Once upon a time newspapers were our main source of information. Now those old newspapers are a reliable source for hundreds of years of history and secrets of the past. Now you can search for people, places, and events without the hassle of sorting through mountains of papers!

Growing Every Second

Newspaper Archive is the world's largest online newspaper database featuring over 145+ million newspaper pages. Plus our database expands by one newspaper page per second for a total of around 2.5 million pages per month! The value of your membership grows along with it.

Genealogy Made Simple

Those looking to find out more about their forefathers can empower their genealogy search with Newspaper Archive. Within our massive database, users can search ancestors' names for news stories and obituaries. We must understand our past to understand our future!

Choose the Membership Plan that is right for you!

Unlimited 6 Month

$99.95 (45% Savings!)

Unlimited page views for 6 months Learn More

Unlimited Monthly

$29.95

Unlimited page views for 1 month Learn More

Introductory

$9.95

25 page views for 1 month Learn More

Subscribe or Cancel Anytime by calling 888-845-2887

24 hours a day Monday-Saturday

Take advantage of our Introductory Membership offer and become a member for 1 month only for $9.95!

Your full introductory membership payment will be credited toward the cost of full membership any time you choose to upgrade!

Your Membership Includes:
  • 25 page views for 1 month
  • Access to Over 145+ million Newspaper Pages
  • Ability to View, Save, and Print
  • Articles featuring over 100 million people
  • Weekly Search Alerts - We search for you!
  • & Many More Features!
Subscribe for a Monthly Membership only for $29.95
Your Membership Includes:
  • Unlimited Page Views
  • Access to Over 145+ million Newspaper Pages
  • Ability to View, Save, and Print
  • Articles featuring over 100 million people
  • Full Access To All Content including 10 Foreign Countries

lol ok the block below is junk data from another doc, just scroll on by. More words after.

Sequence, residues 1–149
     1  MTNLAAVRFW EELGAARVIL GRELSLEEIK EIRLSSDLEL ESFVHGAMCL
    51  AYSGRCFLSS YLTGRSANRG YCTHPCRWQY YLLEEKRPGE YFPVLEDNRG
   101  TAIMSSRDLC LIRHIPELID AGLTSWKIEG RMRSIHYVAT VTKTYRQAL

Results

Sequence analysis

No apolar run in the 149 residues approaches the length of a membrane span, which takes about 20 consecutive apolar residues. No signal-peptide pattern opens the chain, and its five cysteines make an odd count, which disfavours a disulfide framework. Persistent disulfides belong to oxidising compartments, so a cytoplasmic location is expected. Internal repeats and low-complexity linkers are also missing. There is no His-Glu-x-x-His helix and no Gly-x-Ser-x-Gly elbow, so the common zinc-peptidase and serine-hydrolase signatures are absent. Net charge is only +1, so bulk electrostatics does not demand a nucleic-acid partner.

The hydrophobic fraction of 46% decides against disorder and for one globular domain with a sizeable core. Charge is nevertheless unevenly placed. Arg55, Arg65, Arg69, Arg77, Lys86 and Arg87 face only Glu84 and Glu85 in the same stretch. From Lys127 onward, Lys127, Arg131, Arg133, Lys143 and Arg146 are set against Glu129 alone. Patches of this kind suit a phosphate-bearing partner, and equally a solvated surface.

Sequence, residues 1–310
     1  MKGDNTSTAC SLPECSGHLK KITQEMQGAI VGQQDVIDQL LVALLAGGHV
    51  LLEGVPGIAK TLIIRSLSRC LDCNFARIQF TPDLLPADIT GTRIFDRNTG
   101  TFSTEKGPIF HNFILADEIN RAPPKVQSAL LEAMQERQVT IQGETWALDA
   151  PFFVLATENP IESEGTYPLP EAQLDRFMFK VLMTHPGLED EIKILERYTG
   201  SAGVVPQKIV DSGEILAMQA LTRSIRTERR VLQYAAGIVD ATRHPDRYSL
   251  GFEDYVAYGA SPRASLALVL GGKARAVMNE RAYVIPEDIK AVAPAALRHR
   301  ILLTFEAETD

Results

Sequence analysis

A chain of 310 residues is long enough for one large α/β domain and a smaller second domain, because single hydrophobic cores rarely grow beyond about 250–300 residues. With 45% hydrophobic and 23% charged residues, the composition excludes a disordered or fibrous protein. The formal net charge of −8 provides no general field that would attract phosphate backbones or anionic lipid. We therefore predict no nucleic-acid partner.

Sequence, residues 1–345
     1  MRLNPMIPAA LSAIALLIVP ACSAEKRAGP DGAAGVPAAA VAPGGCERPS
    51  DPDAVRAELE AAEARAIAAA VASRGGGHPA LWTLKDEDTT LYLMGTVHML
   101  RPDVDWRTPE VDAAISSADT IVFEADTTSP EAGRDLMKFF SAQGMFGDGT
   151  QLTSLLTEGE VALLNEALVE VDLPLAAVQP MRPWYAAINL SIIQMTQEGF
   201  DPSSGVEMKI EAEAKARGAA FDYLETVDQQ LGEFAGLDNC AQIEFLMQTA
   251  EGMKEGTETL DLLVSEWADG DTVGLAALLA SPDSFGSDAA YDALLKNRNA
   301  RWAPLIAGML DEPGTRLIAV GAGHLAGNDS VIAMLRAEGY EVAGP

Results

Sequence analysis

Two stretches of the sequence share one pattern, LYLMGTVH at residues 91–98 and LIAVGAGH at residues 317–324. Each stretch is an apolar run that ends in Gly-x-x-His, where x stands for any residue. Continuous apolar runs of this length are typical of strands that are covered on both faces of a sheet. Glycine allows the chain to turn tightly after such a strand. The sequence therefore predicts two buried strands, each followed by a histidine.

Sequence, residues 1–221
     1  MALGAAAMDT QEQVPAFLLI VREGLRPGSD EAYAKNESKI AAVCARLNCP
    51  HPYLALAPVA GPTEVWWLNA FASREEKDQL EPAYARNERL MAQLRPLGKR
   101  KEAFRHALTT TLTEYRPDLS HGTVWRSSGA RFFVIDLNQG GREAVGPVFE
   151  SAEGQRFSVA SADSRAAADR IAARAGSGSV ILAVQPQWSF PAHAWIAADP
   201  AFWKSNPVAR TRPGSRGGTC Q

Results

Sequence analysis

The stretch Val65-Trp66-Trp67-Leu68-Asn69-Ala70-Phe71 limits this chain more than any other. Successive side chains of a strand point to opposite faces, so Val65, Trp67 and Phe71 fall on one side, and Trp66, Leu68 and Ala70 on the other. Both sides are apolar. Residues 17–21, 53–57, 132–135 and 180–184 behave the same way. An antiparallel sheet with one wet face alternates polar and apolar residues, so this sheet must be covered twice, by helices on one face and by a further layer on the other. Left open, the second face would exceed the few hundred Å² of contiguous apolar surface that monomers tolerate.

• Weekly Search Alerts - We search for you!
  • & Many More Features!
Subscribe for a 6 Month Membership only for $99.95
Best Value! Save -45%
Your Membership Includes:
  • Unlimited Page Views
  • Access to Over 145+ million Newspaper Pages
  • Ability to View, Save, and Print
  • Articles featuring over 100 million people
  • Full Access To All Content including 10 Foreign Countries
  • Weekly Search Alerts - We search for you!
  • & Many More Features!

What our Customers Say:

"It is amazing how easy and exciting it is to access all of this information! I found hundreds of articles about my relatives from Germany! Well worth the subscription!" - Michael S.

"I love this site. It's interesting to read articles about different family members. I've found articles as well as an obituary about an uncle who passed away before I was born, and another about a great aunt. It's great for helping with genealogy." - Patricia T.

"A great research tool. Allows me to view events and gives me incredible insight into the stories of the past." - Charles S.

Search Billions of Newspaper Articles 145 Million+ Pages and More Added Weekly!

Uncover 400+ Years
of Newspaper Archives
(1607 to today!)

Browse by Date

Research Newspaper Articles from 19 Countries
& all 50 U.S. States

Browse by Location

Explore 6,200+ Current &
Historical Newspaper Titles
and Counting!

Browse by Publication